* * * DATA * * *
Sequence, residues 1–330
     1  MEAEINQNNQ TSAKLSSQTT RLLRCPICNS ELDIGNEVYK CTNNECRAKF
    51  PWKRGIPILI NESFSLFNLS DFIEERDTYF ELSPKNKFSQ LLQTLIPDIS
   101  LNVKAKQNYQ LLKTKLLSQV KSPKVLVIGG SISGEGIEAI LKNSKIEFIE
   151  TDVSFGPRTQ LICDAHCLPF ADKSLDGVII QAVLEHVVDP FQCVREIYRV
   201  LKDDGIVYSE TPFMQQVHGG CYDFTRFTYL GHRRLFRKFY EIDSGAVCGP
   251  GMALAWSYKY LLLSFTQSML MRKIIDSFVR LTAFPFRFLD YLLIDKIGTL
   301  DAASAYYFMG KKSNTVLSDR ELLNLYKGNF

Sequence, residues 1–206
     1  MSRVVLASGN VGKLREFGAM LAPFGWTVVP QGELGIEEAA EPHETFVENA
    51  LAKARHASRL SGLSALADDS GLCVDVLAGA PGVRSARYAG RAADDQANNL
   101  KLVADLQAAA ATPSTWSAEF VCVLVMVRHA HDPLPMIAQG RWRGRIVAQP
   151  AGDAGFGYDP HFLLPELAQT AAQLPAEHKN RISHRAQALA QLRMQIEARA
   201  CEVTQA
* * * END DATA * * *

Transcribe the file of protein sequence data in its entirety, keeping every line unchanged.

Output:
Sequence, residues 1–330
     1  MEAEINQNNQ TSAKLSSQTT RLLRCPICNS ELDIGNEVYK CTNNECRAKF
    51  PWKRGIPILI NESFSLFNLS DFIEERDTYF ELSPKNKFSQ LLQTLIPDIS
   101  LNVKAKQNYQ LLKTKLLSQV KSPKVLVIGG SISGEGIEAI LKNSKIEFIE
   151  TDVSFGPRTQ LICDAHCLPF ADKSLDGVII QAVLEHVVDP FQCVREIYRV
   201  LKDDGIVYSE TPFMQQVHGG CYDFTRFTYL GHRRLFRKFY EIDSGAVCGP
   251  GMALAWSYKY LLLSFTQSML MRKIIDSFVR LTAFPFRFLD YLLIDKIGTL
   301  DAASAYYFMG KKSNTVLSDR ELLNLYKGNF

Sequence, residues 1–206
     1  MSRVVLASGN VGKLREFGAM LAPFGWTVVP QGELGIEEAA EPHETFVENA
    51  LAKARHASRL SGLSALADDS GLCVDVLAGA PGVRSARYAG RAADDQANNL
   101  KLVADLQAAA ATPSTWSAEF VCVLVMVRHA HDPLPMIAQG RWRGRIVAQP
   151  AGDAGFGYDP HFLLPELAQT AAQLPAEHKN RISHRAQALA QLRMQIEARA
   201  CEVTQA